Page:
Art with Heart

Rha Goddess makes the case for 'soul living'

| November / December 2005

In the hands of Rha Goddess, art is a tool for social change. A New York-based performance artist and all-around rabble-rouser for women, Goddess makes art that makes a difference. Her latest venture, 'We Got Issues,' involved interviewing about 1,000 women across the country about issues like voting, leadership, and power, and personal issues like how they spend their time and who makes up their support networks. The responses formed the basis not only for empowerment workshops, but also for a performance art happening.

As an artist and activist, Goddess, 38, is a leader in the generation of young feminists, and she brings an interesting perspective to the question of women's identities and roles in contemporary society. She acknowledges her debt to previous generations of feminists. But she also looks at issues like violence against women and the rising numbers of young women with HIV or in prison, and she knows there is much still to be done. 'We have a perception that we're all liberated, we're all done,' she says. But there are many women who are unable to thrive in their own lives and communities. And that's what she's working to change.

What sets Goddess apart from other issue-oriented activist/artists is her call for what she terms 'soul-based living' -- taking time to foster compassion, empathy, respect for others, and our creative inner lives. Our fast-paced life has little to do with this important work, she laments. 'When we're in touch with our creativity, anything's possible,' she says. 'How we experience ourselves is so much more expansive than if we're coming from 'I've got to get up and feed the kids, I've got get this project done, I've got to get to work.' If we're dancing, if we're painting, if we're loving, it's a whole different ball game.'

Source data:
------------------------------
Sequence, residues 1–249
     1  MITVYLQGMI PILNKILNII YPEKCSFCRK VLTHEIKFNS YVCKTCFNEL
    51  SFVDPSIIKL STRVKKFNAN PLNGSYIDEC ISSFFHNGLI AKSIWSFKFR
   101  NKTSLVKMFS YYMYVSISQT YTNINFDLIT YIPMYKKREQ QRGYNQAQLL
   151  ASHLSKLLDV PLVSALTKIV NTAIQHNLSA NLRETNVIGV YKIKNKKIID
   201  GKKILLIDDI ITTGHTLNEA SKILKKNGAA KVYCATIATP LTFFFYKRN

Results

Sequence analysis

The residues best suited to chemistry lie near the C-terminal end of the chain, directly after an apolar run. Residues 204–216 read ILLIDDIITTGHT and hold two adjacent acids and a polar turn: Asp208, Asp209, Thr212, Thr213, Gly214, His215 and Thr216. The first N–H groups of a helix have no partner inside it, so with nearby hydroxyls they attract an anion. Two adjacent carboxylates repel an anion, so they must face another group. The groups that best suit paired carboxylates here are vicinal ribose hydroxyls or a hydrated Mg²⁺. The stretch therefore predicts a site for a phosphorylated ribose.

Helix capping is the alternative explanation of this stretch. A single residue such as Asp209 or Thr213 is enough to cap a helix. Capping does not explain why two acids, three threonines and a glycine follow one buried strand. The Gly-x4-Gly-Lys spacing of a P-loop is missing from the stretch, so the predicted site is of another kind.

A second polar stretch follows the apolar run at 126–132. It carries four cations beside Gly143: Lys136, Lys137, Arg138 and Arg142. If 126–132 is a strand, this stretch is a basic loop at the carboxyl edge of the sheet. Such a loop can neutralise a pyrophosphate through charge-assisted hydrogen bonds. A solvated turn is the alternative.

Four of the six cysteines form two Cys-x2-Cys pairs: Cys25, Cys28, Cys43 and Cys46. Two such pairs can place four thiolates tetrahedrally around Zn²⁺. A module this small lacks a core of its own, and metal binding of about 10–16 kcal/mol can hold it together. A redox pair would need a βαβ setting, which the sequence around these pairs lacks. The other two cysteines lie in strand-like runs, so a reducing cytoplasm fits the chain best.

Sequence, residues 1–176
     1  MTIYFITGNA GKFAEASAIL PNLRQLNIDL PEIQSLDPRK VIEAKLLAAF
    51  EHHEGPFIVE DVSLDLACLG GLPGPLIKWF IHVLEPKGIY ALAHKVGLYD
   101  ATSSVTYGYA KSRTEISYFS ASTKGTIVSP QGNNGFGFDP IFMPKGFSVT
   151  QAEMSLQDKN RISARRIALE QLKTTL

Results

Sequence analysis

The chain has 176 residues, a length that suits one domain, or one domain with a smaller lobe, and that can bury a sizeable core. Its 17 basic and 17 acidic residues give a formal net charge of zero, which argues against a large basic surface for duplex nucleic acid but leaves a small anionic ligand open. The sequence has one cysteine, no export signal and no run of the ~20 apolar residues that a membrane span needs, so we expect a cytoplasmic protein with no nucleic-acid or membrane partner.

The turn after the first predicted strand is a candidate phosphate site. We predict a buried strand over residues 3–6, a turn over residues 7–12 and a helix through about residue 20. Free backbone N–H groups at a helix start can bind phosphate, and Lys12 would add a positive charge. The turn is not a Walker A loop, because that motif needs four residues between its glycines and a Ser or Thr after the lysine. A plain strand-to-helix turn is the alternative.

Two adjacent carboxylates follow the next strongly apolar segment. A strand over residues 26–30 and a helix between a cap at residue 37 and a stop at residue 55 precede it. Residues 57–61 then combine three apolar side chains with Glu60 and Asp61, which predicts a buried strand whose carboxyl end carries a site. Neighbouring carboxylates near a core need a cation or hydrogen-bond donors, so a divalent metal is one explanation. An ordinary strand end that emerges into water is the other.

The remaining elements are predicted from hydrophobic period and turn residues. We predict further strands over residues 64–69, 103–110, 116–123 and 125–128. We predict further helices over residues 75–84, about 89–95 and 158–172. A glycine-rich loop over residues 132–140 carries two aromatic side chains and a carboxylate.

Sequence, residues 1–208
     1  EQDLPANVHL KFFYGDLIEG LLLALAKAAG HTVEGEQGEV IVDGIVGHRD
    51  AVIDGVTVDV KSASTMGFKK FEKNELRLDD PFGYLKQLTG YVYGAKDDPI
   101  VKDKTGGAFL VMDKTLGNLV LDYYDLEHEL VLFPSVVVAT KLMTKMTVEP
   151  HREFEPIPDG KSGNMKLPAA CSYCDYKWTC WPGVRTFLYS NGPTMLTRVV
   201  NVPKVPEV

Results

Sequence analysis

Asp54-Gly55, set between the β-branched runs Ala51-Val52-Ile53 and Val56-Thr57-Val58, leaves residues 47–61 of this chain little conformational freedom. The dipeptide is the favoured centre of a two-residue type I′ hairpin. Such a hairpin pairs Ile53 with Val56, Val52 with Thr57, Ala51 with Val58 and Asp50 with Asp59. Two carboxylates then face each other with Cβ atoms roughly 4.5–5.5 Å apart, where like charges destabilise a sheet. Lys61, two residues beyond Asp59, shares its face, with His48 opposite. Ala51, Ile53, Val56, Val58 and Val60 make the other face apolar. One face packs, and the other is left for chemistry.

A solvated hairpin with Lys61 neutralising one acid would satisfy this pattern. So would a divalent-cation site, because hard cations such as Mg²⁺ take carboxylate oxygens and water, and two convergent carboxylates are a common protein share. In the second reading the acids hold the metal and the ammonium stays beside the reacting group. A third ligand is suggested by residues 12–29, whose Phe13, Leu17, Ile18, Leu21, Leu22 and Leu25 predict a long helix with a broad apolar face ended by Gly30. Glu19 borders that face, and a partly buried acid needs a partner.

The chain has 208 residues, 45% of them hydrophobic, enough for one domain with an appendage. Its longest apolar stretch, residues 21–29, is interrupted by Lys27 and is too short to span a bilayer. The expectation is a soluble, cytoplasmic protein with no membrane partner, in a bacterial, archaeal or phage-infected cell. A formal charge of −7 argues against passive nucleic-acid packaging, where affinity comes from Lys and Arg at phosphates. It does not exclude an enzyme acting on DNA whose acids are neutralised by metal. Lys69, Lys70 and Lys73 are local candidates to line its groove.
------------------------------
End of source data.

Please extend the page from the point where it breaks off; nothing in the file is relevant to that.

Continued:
Because this spiritual dimension is crucial, Goddess urges women (and men) to find time every single day to slow down, contemplate, and create, to make a space for their inner lives to grow.

Women may be especially adept at soul-based living, according to Goddess, because in our culture, rightly or wrongly, women are expected to be more compassionate, considerate, and likely to make the peace: 'It's sort of like the twisted gift, but we can tap into these things more easily because our conditioning is to live from this spiritual space.' But she cautions that this more enlightened way of life doesn't happen just because someone is a woman. 'I take nothing for granted. We cannot take what it means to be a woman for granted,' Goddess says, 'particularly in this country with the way that we are inundated with messages of who we are and who we're not.'

Both women and men have the ability to develop consciousness of spirit, kindness, patience, and cooperation. The important next step, Goddess says, is to use consciousness to upset the unhealthy status quo or, as she's fond of saying, to 'rock the world back into balance.' She explains that this balance comes when all people are living healthy lives and society is not driven by aggression and greed, and she says it won't happen until enough people learn to balance their internal lives and use that strength to change the social landscape. That's why spending time every day to develop these traits is so important.

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